People laughing. Some are talking about parties they will be hosting or attending. Others are smiling as they share the cute anecdotes their young children have said as tension is mounting until Santa arrives. Workplaces are bustling with holiday rush deadlines; retailers are on robotic mode trying to exceed their quota for the extra “end of the year” bonus; some are talking about the baking they have been doing for the past few weeks leading to THE Day, anxious to welcome their family and friends. So many caught up in the holiday spirit, it can be contagious yet for others it can be a turn off for some…
Many young children are not so excited about the holidays or rather they have disturbingly mixed feelings. They may welcome the time off to relax or cringe at too much time at home where there is tension and conflict among siblings or between parents. Some worry about the over indulgence of drinking or worse. What about Uncle so and so or Aunt what’s her name? The last time they saw him or her, they still cannot wipe away the memory of what happened… Some children have to become the parent because of the drinking…It’s not always what it’s all cracked up to be.
The holidays can also be just any old day for some because their life is “same ol’- same ol’” and dark clouds are permanent fixtures that hover over them.
Why? it’s relaxin’ and a no brainer. I don’t have to even try to think!
Stop it, I say!! Your brain is turning to mush sitting there, watching flic after flic on the that screen!! Can’t you see?
Oh, is that what it is? “Mush” is it? I thought it was called depression.
Oh…(person silently ducks away)
Ever have a conversation with a friend…well, not a best friend but the many friends and colleagues/peers/classmate, where some have become closer, who confide in you and you sometimes in them, ask you how you are? That conversation above is a snippet on how they can be cut so short, whether you are a student, a worker or person meeting someone at a coffee shop or on the street.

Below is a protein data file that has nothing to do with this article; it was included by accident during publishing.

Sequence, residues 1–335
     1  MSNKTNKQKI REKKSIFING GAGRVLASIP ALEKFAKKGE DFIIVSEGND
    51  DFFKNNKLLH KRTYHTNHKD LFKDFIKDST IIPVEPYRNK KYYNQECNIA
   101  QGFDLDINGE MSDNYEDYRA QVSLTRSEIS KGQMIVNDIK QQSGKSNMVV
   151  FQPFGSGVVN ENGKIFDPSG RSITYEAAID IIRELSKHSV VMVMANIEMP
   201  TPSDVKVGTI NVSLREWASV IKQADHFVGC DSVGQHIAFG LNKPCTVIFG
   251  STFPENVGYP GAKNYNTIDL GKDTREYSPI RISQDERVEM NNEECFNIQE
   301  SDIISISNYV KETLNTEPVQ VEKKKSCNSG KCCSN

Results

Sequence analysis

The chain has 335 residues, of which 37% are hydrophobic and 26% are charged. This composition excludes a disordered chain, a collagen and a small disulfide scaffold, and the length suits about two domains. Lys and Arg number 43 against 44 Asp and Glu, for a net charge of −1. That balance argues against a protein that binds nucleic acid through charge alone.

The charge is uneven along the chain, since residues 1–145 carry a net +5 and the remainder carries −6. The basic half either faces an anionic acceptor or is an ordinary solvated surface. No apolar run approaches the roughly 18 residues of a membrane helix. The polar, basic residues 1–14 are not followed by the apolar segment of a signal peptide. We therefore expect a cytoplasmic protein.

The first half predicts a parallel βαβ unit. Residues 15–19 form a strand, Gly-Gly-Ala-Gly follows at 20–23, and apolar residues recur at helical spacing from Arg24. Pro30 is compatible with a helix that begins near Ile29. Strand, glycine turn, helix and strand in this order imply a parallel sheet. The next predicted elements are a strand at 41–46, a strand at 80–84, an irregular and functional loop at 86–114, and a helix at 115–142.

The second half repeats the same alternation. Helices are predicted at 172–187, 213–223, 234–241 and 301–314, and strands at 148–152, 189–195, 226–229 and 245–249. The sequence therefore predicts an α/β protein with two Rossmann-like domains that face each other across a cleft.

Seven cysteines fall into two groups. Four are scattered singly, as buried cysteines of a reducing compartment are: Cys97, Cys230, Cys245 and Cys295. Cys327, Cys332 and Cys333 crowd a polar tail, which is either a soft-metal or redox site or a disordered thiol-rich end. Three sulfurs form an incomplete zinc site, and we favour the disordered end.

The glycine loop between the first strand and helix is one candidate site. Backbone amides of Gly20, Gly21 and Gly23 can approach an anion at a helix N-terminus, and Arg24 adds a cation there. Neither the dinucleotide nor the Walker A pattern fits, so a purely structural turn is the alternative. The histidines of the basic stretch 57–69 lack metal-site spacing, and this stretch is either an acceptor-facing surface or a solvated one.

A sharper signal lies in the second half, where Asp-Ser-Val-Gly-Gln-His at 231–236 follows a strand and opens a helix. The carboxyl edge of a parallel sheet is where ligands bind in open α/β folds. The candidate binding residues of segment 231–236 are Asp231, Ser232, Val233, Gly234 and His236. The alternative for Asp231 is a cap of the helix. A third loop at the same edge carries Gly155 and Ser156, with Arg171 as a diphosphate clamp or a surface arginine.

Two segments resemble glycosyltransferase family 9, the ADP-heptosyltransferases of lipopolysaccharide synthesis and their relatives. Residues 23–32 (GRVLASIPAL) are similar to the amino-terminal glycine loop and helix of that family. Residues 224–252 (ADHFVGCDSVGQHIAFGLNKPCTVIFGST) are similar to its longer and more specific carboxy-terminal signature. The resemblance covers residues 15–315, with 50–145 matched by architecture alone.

What is the politically correct response when someone appears sad, depressed or mourning a loss for example? Some may say, “Well, you have to be able to listen and be there for the person”. Okay, I can see that happening but for many individuals, there is an internal clock they have and it individually sets an alarm when “enough is enough” to listening. It can go like that snippet above or like this:
How are you doing today? You look kinda glum, what’s going on?
Nothing and everything I guess. I feel a bit lost.
Hmmm, how does that feel to feel lost?
I’m sorry it’s been so challenging for you lately.
Hmmm, gee I’m sorry! Is there anything I can do…?
Here! have a chocolate that’ll perk you up
Which response would you feel is helpful? Don’t know? You found the real you in one of these? Great! There isn’t really any right or wrong answer…okay, I take that back, saying “buck up” would probably be a no-no. But ultimately what you say is not always what is important but how you say it, how you feel…just be genuine. If you really don’t have time to listen…be careful what you ask to not give the pretense that you have the time to listen because when you open that door and give the impression to someone that you intend to be there to listen for a moment, then slam the door back in their face with a “buck up” or “that’s too bad…umm, I gotta get back to work now.” That is of NO help whatsoever. Don’t pretend…just be real.
For those of you readers who are not too sure what “real” is I have a great book to suggest and it is clear as water flowing in a brook. For the well read and articulate person who comes up with “genuine” or “authenticity”…um, just read the damn book. I am referring to one of my all time favourites, The Velveteen Rabbit by Margery Williams
child looks up in awe,
lines mock her whithered face,
snuggling in her arms
A warm smile or a hand on a shoulder left one second longer are examples of “real” holiday blessings. Happy Holidays!
The Project Gutenberg eBook, The Velveteen Rabbit, by Margery Williams,Illustrated by William Nicholson